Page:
World leaders on Wednesday quickly hailed the triumph of Barack Obama in the US presidential election as the start of a new era but there were also calls for a new deal with the global superpower.
Celebrations erupted in capitals around the world. A national holiday was declared in Kenya -- where Obama's father was born -- to welcome the first black US president.
"Your brilliant victory rewards a tireless commitment to serve the American people. It also crowns an exceptional campaign whose inspiration and exaltation have proved to the entire world the vitality of American democracy," French President Nicolas Sarkozy said in a letter to Obama.
"By choosing you, the American people have chosen change, openness and optimism," Sarkozy added.
British Prime Minister Gordon Brown praised Obama's "energising politics ... his progressive values and his vision for the future" as congratulations poured in before the final result was even announced in the race between Obama and Republican John McCain.
China's President Hu Jintao said in a written message: "In a new historical era, I look forward to... taking our bilateral relationship of constructive cooperation to a new level."
Japanese Prime Minister Taro Aso pledged to work with the new US leader to strengthen relations. Mexican President Felipe Calderon congratulated Obama on his "triumph" and invited him to visit the United States' southern neighbour.
Australian Prime Minister Kevin Rudd said Obama's victory was a landmark for equality.
"Twenty-five years ago Martin Luther King had a dream of an America where men and women would be judged not on the colour of their skin but on the content of their character," Rudd told reporters. "Today what America has done is turn that dream into a reality."
But European Commission president Jose Manuel Barroso called for the election to usher in a "new deal" between the United States and the rest of the world to tackle the global financial crisis and other troubles.
"This is a time for a renewed commitment between Europe and the United States of America," Barroso said in a statement. "We need to change the current crisis into a new opportunity. We need a new deal for a new world."
Wars in Iraq and Afghanistan will quickly top the list of White House priorities but Obama's election would not lead to a quick US disengagement from Iraq, Iraqi Foreign Minister Hoshyar Zebari said.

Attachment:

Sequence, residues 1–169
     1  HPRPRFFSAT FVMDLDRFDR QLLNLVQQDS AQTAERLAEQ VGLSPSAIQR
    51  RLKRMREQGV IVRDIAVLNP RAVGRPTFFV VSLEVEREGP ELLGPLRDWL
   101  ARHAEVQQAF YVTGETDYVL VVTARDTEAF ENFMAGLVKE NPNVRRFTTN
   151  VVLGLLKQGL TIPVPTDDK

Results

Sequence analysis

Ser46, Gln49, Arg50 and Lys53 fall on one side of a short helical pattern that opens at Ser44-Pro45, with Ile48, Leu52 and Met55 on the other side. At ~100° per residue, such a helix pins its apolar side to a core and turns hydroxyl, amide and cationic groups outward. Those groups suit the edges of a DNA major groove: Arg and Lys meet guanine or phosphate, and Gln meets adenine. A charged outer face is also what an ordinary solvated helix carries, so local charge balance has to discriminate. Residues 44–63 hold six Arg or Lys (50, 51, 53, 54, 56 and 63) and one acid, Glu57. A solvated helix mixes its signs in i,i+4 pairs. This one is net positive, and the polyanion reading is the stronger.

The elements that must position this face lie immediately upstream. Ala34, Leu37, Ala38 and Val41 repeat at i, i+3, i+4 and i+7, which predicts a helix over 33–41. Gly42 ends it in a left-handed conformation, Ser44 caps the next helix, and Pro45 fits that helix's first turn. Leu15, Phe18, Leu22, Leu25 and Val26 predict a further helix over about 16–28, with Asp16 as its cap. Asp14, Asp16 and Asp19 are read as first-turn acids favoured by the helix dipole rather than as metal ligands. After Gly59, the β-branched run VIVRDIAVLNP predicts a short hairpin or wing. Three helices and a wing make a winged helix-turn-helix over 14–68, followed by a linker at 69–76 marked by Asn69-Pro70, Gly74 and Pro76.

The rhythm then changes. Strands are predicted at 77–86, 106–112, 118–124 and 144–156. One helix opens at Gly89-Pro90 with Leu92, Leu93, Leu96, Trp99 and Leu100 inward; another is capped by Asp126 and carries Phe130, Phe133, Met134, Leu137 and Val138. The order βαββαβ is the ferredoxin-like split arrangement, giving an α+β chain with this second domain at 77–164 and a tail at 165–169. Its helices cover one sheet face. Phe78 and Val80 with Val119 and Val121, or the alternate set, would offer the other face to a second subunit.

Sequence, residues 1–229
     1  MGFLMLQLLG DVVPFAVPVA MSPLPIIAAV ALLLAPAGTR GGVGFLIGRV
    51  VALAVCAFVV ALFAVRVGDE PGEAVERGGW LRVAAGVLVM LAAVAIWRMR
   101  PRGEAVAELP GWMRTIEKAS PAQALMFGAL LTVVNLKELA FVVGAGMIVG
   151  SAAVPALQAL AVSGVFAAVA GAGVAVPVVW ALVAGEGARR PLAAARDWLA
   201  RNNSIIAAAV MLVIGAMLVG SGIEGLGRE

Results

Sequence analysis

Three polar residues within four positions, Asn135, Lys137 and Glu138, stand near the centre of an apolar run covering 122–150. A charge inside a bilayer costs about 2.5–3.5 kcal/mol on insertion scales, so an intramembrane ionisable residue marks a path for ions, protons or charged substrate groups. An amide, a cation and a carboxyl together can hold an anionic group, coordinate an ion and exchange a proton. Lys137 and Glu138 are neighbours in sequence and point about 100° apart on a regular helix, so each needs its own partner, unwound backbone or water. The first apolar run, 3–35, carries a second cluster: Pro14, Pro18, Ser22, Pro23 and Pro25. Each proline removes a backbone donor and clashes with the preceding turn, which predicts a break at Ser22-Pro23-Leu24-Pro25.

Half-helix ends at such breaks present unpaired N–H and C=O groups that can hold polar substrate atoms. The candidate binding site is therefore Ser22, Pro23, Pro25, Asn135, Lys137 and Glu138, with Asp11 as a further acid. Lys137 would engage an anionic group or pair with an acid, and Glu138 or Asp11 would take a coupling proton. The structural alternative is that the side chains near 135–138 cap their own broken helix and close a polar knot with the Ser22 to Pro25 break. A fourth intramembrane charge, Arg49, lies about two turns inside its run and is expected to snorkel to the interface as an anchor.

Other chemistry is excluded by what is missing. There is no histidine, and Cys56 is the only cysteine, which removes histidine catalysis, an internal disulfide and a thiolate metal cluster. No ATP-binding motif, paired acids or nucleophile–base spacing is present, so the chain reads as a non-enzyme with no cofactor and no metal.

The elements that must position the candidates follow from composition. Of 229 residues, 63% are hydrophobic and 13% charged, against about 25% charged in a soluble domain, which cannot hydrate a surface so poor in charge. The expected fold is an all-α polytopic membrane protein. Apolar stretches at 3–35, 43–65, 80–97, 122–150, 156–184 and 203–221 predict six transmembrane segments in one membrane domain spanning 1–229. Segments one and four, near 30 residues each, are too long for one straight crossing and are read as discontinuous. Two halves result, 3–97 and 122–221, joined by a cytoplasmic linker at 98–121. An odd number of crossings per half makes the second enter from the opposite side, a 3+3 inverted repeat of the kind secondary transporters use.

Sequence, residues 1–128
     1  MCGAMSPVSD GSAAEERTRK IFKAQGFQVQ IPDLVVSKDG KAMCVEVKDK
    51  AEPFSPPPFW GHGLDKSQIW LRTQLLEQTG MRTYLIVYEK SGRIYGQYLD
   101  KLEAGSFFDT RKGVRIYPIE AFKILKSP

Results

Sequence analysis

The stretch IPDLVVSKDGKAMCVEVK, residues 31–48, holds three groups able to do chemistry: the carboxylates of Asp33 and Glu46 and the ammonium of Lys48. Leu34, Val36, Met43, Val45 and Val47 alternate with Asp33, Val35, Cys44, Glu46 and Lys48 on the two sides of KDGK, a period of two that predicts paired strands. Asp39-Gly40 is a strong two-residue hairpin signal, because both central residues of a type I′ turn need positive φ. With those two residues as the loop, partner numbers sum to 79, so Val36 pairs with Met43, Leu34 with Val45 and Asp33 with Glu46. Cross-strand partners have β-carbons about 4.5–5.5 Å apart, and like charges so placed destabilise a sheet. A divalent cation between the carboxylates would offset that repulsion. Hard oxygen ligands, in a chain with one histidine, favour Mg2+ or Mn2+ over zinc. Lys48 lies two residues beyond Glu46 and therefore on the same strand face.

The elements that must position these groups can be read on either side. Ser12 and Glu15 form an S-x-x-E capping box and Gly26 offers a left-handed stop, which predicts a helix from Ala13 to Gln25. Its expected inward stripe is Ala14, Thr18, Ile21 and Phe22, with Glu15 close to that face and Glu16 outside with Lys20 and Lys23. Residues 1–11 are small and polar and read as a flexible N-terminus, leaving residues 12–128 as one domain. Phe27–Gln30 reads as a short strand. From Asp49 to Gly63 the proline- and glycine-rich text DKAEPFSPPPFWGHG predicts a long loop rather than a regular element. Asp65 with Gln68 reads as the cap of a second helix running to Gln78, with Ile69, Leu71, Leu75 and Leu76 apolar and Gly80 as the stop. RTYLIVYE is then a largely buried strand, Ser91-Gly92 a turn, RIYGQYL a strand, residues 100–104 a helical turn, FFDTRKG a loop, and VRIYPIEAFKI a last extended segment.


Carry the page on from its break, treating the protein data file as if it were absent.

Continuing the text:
"We don't think there will be change in policy overnight. There won't be quick disengagement here. A great deal is at stake here," Zebari told AFP, adding that Baghdad was looking for a "successful partnership" with Obama.
Israeli-US relations have "a bright future," Israeli foreign ministry spokesman Ygal Palmor said. But Palestinian president Mahmud Abbas urged Obama to speed up efforts to reach an Israeli-Palestinian peace agreement.
"President Abbas congratulates US president-elect Barack Obama in his name and in the name of the Palestinian people and hopes he will speed up efforts to achieve peace, particularly since a resolution of the Palestinian problem and the Israeli-Arab conflict is key to world peace," said Abbas spokesman Nabil Abu Rudeina.
Election parties were held in major capitals around the world bringing together expatriate Americans and people anxious over events in the United States.
Hundreds of villagers in Kogelo, Obama's Kenyan family home, erupted into song and dance. President Mwai Kibaki declared a national holiday on Thursday to mark Obama's victory.
Swinging branches and chairs in the air, men cheered and clapped while women shouted "Obama! Obama!" in the village where his grandmother lives and where his late Kenyan father was born.
Wild celebrations woke the sleepy village, people hugged each other as others ran aimlessly in the muddy streets after spending a chilly night glued to a giant screen watching results on US networks.
"Senator Obama is our new president. God has answered our prayer," said pastor Washington Obonyo.
"Because Obama has won, we will have a change in the whole world. And for that I will slaughter a cockrel to celebrate with my family," said Joseph Otieno, a jubilant Kogelo resident.
In the small Japanese town of Obama, hula dancers, ecstatic chanting and rock'n'roll greeted the election triumph.
Obama means "small shore" in Japanese and many in the small fishing town of 32,000 people chanted Obama's name and his slogan, "Yes, we can!".